After 16 years of delays and cost overruns exploding to over $1.17 billion, a local government bureaucracy—in defiance of the Fort Worth City Council—is refusing to follow recommended reforms for the redevelopment scheme known as Panther Island.
Panther Island, a redevelopment boondoggle pushed under the guise of flood control, has been mired in scandal and controversy since its inception in 2003. Last year, the Trump administration pulled all federal funding for the project, a move followed by Fort Worth’s Mayor Betsy Price’s call for an “independent review” of the project.
The programmatic review, conducted by Riveron, exposed what had been generally suspected by onlookers for more than a decade: officials mismanaged the project. More than $383 million of taxpayer money was spent with no single aspect of construction completed.
The project was dysfunctionally and deceptively managed by two key players—Jim Oliver, general manager of the Tarrant Regional Water District (TRWD), and J.D. Granger, executive director of the Trinity River Vision Authority (TRVA) and son of U.S. Rep. Kay Granger.
Riveron submitted a series of recommendations, including:
- Restructuring the organization with clear lines of accountability.
- Narrowing and focusing the TRVA executive director’s responsibilities (Granger) to flood control, compliance, risk management, and coordination.
- Defining clear organizational responsibilities:
- TRVA (Granger) to focus on flood control.
- TRWD (Oliver) to focus on recreation.
- A nonprofit (created by City of Fort Worth) to manage economic development.
- Creating a wall of separation between Granger (TRVA) and Oliver (TRWD), with Granger accountable to TRVA board.
Fort Worth’s City Council unanimously endorsed all of Riveron’s restructuring recommendations in October, but Oliver and Granger have not complied. Instead, the TRVA has made a few small changes to create the illusion of reform.
The TRVA board voted November 13 to move forward with a new hire: Mark Mazzanti, who had served as Director of Programs for the Southwestern Division of the U.S. Army Corps of Engineers (USACE). His resume shows extensive engineering experience, including overseeing the Mississippi River and Tributaries project.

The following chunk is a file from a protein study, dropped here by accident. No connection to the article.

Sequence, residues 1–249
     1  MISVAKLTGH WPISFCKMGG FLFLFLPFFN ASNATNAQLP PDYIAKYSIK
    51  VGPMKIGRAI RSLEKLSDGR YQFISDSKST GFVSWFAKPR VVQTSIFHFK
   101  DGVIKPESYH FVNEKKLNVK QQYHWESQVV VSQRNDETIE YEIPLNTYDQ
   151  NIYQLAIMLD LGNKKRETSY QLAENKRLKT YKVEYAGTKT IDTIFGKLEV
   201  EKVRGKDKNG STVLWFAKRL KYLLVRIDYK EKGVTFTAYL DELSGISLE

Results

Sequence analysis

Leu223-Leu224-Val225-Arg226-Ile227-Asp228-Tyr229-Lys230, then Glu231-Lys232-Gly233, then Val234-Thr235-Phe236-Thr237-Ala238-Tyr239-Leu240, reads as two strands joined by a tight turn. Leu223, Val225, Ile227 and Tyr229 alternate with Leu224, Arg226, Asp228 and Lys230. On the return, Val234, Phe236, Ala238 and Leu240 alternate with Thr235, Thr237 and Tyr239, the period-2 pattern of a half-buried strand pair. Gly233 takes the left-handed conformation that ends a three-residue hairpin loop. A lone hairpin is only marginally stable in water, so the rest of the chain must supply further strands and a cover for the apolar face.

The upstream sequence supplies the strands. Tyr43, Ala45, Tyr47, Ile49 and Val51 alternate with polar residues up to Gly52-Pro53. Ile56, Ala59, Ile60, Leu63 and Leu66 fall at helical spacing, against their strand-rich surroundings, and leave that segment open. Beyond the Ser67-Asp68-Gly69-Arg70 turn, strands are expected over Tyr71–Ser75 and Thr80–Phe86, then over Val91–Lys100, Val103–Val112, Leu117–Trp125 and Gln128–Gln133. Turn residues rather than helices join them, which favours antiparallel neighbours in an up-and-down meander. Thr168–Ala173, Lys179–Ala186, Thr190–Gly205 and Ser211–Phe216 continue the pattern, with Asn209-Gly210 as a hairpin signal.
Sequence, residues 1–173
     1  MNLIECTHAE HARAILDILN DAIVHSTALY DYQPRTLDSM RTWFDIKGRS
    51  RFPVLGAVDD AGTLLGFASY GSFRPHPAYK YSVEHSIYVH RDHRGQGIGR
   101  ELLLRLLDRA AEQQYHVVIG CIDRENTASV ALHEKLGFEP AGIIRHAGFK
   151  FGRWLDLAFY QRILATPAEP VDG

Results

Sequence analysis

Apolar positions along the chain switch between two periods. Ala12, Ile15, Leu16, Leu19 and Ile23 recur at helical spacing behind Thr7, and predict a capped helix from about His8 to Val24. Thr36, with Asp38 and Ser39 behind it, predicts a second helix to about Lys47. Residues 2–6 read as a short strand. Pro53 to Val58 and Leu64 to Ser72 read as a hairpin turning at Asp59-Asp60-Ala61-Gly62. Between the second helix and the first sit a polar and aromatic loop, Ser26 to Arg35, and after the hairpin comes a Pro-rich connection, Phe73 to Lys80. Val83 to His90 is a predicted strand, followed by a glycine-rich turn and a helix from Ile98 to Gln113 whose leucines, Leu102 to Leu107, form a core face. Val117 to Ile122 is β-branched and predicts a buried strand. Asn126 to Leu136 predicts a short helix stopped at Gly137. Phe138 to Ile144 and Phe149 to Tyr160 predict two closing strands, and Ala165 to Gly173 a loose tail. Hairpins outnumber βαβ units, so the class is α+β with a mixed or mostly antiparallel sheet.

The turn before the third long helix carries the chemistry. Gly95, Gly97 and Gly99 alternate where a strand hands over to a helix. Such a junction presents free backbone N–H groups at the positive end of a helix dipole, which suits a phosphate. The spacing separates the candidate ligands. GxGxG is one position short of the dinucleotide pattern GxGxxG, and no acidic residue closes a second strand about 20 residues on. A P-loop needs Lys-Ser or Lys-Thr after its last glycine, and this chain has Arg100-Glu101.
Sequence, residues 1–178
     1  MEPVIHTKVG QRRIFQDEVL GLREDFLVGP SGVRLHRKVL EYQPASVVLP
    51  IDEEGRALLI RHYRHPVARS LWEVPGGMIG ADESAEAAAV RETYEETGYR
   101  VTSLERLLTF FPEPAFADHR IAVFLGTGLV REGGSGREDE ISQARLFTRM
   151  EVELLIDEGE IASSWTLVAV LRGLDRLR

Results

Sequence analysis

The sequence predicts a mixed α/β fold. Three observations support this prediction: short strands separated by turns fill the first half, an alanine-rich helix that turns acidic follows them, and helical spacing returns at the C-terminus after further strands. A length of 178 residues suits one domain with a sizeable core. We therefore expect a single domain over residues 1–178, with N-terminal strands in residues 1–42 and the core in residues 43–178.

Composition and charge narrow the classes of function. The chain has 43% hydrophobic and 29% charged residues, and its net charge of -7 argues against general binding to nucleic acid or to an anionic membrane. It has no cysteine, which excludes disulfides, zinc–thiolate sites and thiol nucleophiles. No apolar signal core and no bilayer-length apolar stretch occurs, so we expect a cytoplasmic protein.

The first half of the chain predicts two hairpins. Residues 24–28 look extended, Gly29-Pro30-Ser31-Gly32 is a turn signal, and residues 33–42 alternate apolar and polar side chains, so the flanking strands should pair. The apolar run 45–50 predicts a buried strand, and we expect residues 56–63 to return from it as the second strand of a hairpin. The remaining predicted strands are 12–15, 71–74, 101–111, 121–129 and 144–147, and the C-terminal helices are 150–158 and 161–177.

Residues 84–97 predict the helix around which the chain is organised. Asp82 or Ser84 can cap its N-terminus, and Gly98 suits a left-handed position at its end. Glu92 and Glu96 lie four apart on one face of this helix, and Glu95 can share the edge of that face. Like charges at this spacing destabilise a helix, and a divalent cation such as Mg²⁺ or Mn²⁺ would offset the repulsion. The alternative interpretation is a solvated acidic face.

Mazzanti will be paid $25,000 a month, or $300,000 per year, to serve as “Program Coordinator” at TRVA. Granger will keep his six-figure salary job, with his role remaining unclear.
Mazzanti’s position is not found anywhere in Riveron’s recommendations. His resume suggests he would oversee flood control, which would be appropriate for the TRVA and in line with what Riveron recommended. However, TRVA Board President and Tarrant County Administrator G.K. Maenius says Granger will still handle flood control.
“Mr. Granger is working for the TRWD. The TRVA is a coordinating effort. It’s my understanding that Mr. Granger … because the water district has responsibilities for flood control … that he will be working in that area [and] in other areas also that he will be assigned by [Oliver].”
Maenius’ statement appears to indicate that the TRWD will still be handling flood control and there will be no wall of separation between Granger and Oliver. Both are in violation of Riveron’s recommendations,
Granger seemed to confirm this in October. “I’m still going to be under Jim [Oliver], no matter what,” he stated.
As for what responsibilities Oliver will assign Granger, Oliver made that clear to Texas Scorecard in an October email: “J.D. Granger is still going to run the project.”
“The TRVA, as it exists today, will be absorbed into [the] TRWD. JD will remain as executive director or its equivalent and will have virtually the same responsibilities as he has today.”
In other words, Oliver and Granger will remain firmly in control of Panther Island—in direct defiance of the restructuring recommendations endorsed by Fort Worth’s City Council. This has led critics to see Mazzanti’s hire as nothing more than an illusion of a restructuring, without anything actually changing.
Inquiries were sent to Mayor Price and Fort Worth City Manager David Cooke, who also serves on the TRVA board, about Oliver’s and Granger’s defiance and what they intend to do about it. Neither have replied as of publication.
Panther Island is also in need of a financial or forensic audit of where TRVA has spent $383 million of taxpayer funds. Although the Riveron review stated the design phase of Panther Island was “100% complete,” lawyers responding to Texas Scorecard’s request for public records stated the design phase is not complete.
Taxpayers concerned about Panther Island may contact the elected members of the Fort Worth City Council and Tarrant County Commissioners Court, as both are project stakeholders on behalf of the public.